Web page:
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A falcons speed may edge raiders planning
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The Blitz: Your home for high school sports

Mascot matchup

Each Friday night in the fall, local student athletes face off on the football field. But for a moment, let’s forget all that. Let’s take a different look at the battle — who would win in a fight, a falcon or a raider? The Times spoke with experts to determine the answer. And each Friday this season, we pit two different mascots against each other.

In its first season as a member of Region 8-AAAA, Flowery Branch has a region and overall record of 5-0 and looks to be in the region driver’s seat heading into today’s visit to Habersham Central.

Habersham is on the other side of the spectrum at 2-4 in the region and two games back of a playoff spot.

But for a bit, forget those records. We’re taking a look instead at a hypothetical matchup between the school’s mascots, falcons and raiders.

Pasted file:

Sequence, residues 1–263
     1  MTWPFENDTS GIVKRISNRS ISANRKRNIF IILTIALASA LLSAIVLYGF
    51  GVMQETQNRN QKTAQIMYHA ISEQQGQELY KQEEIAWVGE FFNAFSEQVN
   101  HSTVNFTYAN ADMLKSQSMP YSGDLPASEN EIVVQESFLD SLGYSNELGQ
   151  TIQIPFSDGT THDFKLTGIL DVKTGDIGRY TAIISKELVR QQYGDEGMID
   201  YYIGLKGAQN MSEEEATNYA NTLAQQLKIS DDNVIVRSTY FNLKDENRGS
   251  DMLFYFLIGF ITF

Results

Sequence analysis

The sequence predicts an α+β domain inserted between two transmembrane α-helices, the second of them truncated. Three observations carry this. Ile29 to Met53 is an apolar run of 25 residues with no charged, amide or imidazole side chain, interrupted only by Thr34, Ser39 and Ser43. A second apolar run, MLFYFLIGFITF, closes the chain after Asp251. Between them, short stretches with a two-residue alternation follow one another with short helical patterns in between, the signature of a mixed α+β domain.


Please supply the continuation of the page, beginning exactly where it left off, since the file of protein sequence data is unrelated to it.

Who would come out on top of that battle?

Falcons may seem easy prey for the human warriors known as raiders, but the bird can also dive at prey at up to 200 mph to deliver an often fatal blow. It may be a tougher battle than some think.

Georgia is home to three species of falcons — the peregrine, merlin and kestrel — said Ken Riddleberger, Georgia Department of Natural Resources area supervisor for game management in the Wildlife Resources Division.

Falcons are known for their exceptionally fast drives, and their main diet is other birds, such as hawks and sparrows. Falcons are such gifted hunters, they are sometimes trained to hunt game for humans, a sport known as falconry.

“At that high rate of speed, they break the back of a bird and catch them as fall to the ground,” Riddleberger said.

Raiders, of course, also are tough fighters, though accustomed to battling humans, not birds.

Historically, raiders have used ships and horses to plan sudden, aggressive attacks, said Winter Elliot, an associate professor of English at Brenau University. They use whatever weapon comes to hand and seems most appropriate to the enemy, including spears and swords. They also are usually unlikely to strike a fully prepared enemy.

“The Raiders study their opponents’ weaknesses and plan their counterattacks to exploit gaps in the defense,” Elliot said.

So would falcons be a vulnerable target for a raid?

Riddleberger said the bird’s staggering speed could give it the edge.

“They would need to strike and get away, would be the thing,” he said.

Elliot said eagles are one of the few creatures who prey successfully upon falcons. If the raiders can take a tip from them, they may succeed. But it could easily go the other way, as well.

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